23 November 2008 | lugonian
A Thanksgiving Story
MRS. WIGGS OF THE CABBAGE PATCH (Paramount, 1934), directed by Norman Taurog, is a wholesome story about a poor family sticking together, staying together, through thick and thin, under the guardianship and courage of Mrs. Elvira Wiggs as portrayed by Pauline Lord (1890-1950) in her film debut. From the novel by Alice Hagan Rice, her characters were first transferred on stage followed by three three silent screen adaptations: (World Wide, 1914) with Blanche Chapman; (Paramount, 1919) with Mary Carr; and as LOVELY MARY (MGM, 1926) starring Bessie Love, Mary Alden as Mrs. Wiggs and Viva Ogden as Miss Hazy, the role she also played in the 1919 film. Paramount would redo the old chestnut story once more in 1942 featuring Fay Bainter with Hugh Herbert and Vera Vague in comic support. What makes this 1934 adaptation most noteworthy is the presence of second billed W.C. Fields as C. Eldsworth Stubbins, whose character isn't seen until 56 minutes into the story, and the third billed ZaSu Pitts as Tabitha Hazy, each offering uplifting moments to an otherwise sentimental drama.
The story unfolds in the town of Masonville, Ohio, at the turn of the century. Elvira Wiggs (Pauline Lord) is a poor but devoted mother of five children, Billy (Jimmy Butler); Jimmy (Georgie Breakston); Asia (Carmencita Johnson); Australia (Edith Fellows); little Europena (Virginia Weidler), whose husband, Hiram (Donald Meek) has left them three years ago seeking fortune in Alaska. Living in a shantytown shack purchased by Hiram for which he owes a $25 mortgage to store owner Mr. Bagby (Charles Middleton), Elvira supports herself by washing and ironing for others. Even with the help of business-minded son, Billy, she's unable to come up with the much needed money used in place for extra mouths to feed being their dog, Klondike, and Billy's newly adopted but broken-down horse, Cuby. Regardless of the circumstances, Mrs. Wiggs continues to have a positive outlook on life as she prepares a good old-fashioned Thanksgiving dinner, even it it's leftover stew. Bob Redding, editor of the Masonville Daily Courier, and Lucy Olcott (Evelyn Vanable), his fiancée who lives in a mansion across town, are taken in by the Wiggs family and do all they can to help make their Thanksgiving more pleasurable. Lucy provides them with a traditional Thanksgiving turkey while Bob arranges for Jimmy to be hospitalized under a doctor's care for his bad cough and burning fever, and arranging for Billy to acquire theater tickets for the family so that they can attend a show at the Opera House. While there, the Wiggs family is entertained by comics (Shaw and Lee's "Why did the chicken cross the road"), circus acts and musical interludes to such songs as "Glow Little Glow Worm," "In the Shade of the Old Apple Tree" and "Listen to the Mockingbird." The passing of her Jimmy fails to dampen Mrs. Wiggs' spirits as she continues to be a good neighbor to Tabitha Hazy (ZaSu Pitts), a spinster lady who cannot cook, by secretly providing her a home cooked meal to serve her proposed mail order husband, Mr. Stubbins (W.C. Fields), as well as keeping her family together when the mortgage deadline and having their home foreclosed by Mr. Bagby draws near.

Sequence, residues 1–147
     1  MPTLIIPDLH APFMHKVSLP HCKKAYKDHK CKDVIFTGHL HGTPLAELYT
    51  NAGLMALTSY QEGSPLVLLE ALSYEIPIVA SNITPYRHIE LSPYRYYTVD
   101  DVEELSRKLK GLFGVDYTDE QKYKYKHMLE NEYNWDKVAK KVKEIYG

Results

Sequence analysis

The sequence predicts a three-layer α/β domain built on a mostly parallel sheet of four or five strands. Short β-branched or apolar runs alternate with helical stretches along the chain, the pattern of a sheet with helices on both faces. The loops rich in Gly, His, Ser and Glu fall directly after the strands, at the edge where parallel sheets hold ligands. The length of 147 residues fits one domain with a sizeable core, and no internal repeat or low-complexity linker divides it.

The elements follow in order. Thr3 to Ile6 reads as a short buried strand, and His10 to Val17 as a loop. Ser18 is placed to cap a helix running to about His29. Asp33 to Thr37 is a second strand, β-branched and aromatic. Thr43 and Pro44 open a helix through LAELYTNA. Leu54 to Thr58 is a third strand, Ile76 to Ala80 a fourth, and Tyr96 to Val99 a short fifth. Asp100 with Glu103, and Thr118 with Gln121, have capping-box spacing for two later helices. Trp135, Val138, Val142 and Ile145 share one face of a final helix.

While not quite an artistic achievement, MRS. WIGGS OF THE CABBAGE PATCH, in spite of its much needed background music and slow pacing, is a friendly sort of a movie. Remembered most as a W.C. Fields comedy, it's very much a showcase for Pauline Lord, whose name is unknown today. Virtually a stage actress with this and A FEATHER IN HER HAT (Columbia, 1935) to her screen credits, her quiet yet compelling performance, whether intentional or not, basically slows down the pace of the story, especially when moments where she's supposed to be angry is lacking when not being a little bit forceful. It's interesting to note how closely she resembles Fay Bainter, the Mrs. Wiggs in the 1942 remake, and how much Lord is nearly overshadowed by the supporting performances of little Virginia Weidler who threatens to hold her breath" whenever she doesn't get what she wants, the natural performances of the other kid actors; and of course ZaSu Pitts, whose scenes with the legendary Fields are hilarious, in fact, priceless, leaving one to wonder why they never were teamed again.
During those bygone days of commercial TV when vintage movies such as this dominated the airwaves, MRS. WIGGS was properly presented annually during the Thanksgiving season. I seem to recall around 1972-73 when TV Guide (New York City edition) listed WNEW, Channel 5, in broadcasting the 1934 film only to actually show the 1942 remake, or visa versa, indicating why movies bearing the same names would go through the process of having one of them retitled to avoid confusion. Rarely shown on television since the late 1970s, MRS. WIGGS did go on display on video cassette in the late 1980s through bargain distributor of Good Times Video on LP speed with opening and closing credits in freeze frame mode instead of original slow fade in/ out process, the same print acquired by Turner Classic Movies for its June 11, 2001, broadcast during its star tribute to W.C. Fields.
Without Fields and/or Pitts, MRS. WIGGS would definitely be nothing more than an sentimental melodrama gathering dust in some old film vault never to be shown again. Regardless, director Taurog gives it some splendor and charm that holds interest most of the way. At present it's more of a curio at best, especially as a rediscovery of the once popular stage actress Pauline Lord captured on film as Mrs. Wiggs of the Cabbage Patch. (***)